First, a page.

All countries urged by UN chief to ratify treaty to abolish death penalty

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UN Secretary-General Ban Ki-moon. UN Photo/Paulo Filgueiras

Countries around the world have been urged to ratify an international treaty aimed at abolishing what has been described as the "cruel" death penalty.

The call came from UN Secretary-General Ban Ki-moon who spoke at a discussion entitled "Moving away from the death penalty-Discrimination against marginalized groups."

Speaking at the UN, he said the right to life is the most fundamental of all human rights.

The Secretary-General said in death penalty cases, the odds are often stacked against the poor, ethnic minorities and other minority groups, who often lack access to effective legal representation.

"I call on all States that have not yet done so to ratify the Second Optional Protocol of the International Covenant on Civil and Political Rights aiming at the abolition of the death penalty. As we mark the Protocol's 25th anniversary in New York later this year, let us proclaim again our utter opposition to the death penalty. It is cruel because it is final and because it disproportionately targets disadvantaged groups." (29")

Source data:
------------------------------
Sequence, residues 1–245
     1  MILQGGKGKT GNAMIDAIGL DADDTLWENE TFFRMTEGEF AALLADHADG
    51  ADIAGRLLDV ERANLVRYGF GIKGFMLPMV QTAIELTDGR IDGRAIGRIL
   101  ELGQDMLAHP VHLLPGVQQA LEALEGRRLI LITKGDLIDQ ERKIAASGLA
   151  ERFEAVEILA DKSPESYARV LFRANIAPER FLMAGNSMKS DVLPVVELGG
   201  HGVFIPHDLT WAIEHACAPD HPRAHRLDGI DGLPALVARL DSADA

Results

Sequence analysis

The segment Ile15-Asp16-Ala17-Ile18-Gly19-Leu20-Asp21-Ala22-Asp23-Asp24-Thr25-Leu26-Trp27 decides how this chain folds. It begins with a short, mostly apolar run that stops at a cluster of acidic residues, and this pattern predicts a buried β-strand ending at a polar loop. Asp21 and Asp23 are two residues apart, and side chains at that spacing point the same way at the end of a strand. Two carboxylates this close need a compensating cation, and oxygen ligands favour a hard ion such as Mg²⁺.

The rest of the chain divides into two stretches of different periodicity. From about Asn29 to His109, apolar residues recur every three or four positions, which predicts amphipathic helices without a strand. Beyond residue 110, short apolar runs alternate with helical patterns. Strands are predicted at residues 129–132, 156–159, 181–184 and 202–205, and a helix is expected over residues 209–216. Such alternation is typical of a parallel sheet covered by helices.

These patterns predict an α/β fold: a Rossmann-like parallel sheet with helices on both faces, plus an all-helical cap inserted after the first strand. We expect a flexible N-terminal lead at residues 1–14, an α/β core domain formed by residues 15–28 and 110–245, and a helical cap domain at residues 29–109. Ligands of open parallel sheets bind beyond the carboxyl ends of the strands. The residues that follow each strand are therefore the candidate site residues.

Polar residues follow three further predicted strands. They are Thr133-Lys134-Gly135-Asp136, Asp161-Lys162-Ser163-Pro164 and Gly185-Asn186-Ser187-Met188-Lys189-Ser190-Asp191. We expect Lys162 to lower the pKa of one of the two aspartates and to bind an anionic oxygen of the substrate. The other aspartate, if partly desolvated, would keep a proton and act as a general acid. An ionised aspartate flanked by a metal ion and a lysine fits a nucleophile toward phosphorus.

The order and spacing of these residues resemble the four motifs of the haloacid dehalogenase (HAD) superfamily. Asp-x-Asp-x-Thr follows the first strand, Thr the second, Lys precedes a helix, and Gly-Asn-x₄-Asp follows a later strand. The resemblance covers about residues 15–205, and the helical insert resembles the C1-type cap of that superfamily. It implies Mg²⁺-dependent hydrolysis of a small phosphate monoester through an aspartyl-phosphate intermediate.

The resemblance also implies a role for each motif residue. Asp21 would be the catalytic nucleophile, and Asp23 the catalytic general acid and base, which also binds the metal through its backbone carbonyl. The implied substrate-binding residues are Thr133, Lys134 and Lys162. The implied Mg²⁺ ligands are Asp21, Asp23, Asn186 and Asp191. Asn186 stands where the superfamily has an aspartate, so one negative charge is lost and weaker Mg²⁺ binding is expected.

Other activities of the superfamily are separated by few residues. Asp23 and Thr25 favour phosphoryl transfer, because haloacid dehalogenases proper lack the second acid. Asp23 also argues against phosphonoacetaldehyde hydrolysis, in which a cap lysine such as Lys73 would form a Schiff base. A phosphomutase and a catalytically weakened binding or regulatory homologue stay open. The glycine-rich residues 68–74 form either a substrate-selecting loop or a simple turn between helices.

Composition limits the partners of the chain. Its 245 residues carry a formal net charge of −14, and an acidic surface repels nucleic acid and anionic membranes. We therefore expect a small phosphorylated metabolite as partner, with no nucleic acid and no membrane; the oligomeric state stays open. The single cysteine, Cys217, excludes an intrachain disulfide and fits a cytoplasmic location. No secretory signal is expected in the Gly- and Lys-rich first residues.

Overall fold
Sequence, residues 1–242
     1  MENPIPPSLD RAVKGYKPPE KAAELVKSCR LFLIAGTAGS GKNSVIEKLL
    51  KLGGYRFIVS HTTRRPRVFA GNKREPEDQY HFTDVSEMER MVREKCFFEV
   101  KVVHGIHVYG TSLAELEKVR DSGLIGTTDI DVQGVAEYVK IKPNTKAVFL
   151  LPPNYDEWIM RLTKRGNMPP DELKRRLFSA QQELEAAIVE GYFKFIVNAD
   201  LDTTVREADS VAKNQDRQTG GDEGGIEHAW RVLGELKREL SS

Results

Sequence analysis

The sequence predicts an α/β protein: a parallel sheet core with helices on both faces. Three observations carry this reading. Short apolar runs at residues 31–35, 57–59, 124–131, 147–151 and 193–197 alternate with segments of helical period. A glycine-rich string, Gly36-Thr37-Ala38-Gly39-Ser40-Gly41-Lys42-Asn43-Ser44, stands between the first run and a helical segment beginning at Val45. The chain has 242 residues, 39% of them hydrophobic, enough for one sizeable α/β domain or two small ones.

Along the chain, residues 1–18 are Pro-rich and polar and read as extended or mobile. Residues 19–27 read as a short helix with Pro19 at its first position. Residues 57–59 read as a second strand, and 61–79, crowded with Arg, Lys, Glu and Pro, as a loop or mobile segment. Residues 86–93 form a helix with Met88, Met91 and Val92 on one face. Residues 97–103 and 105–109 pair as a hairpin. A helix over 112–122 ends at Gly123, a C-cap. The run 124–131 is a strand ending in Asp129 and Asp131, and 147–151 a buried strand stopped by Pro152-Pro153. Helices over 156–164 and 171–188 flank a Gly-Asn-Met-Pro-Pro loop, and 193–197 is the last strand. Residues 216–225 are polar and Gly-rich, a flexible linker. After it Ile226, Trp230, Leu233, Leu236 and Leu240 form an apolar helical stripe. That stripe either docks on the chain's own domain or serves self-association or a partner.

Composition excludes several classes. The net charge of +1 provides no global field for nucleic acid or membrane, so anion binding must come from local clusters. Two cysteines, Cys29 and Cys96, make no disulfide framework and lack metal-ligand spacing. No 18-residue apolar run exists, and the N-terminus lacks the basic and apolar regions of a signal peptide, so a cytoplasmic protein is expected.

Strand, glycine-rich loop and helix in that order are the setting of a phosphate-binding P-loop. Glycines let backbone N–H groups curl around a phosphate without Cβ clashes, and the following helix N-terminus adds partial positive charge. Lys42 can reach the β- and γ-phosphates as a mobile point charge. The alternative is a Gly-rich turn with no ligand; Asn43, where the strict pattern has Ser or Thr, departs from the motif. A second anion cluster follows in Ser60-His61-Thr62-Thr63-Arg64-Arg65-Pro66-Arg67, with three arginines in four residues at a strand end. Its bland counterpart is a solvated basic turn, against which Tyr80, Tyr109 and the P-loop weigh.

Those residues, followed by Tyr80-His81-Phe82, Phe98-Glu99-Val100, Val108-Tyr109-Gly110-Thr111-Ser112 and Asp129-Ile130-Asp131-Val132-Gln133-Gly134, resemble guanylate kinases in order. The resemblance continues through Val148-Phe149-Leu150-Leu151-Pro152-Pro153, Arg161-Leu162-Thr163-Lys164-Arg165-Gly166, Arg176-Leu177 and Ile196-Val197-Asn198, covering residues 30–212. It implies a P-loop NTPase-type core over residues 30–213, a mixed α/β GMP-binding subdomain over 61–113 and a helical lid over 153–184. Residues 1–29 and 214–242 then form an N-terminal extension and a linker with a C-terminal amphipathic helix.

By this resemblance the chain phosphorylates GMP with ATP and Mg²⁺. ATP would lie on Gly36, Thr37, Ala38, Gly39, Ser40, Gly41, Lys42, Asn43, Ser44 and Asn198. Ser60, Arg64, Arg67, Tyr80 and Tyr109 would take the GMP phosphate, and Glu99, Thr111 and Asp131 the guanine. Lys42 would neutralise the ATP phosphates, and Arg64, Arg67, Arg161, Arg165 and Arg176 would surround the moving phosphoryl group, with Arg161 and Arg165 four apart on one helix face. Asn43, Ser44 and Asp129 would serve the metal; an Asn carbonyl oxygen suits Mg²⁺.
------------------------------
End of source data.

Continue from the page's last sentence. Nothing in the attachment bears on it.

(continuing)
Secretary-General Ban said since the General Assembly called for a worldwide moratorium in 2007, the trend against capital punishment has become stronger.

He said there are now about 160 countries that have either abolished the death penalty or no longer practice it.

Daniel Dickinson, United Nations

Duration: 1’29″

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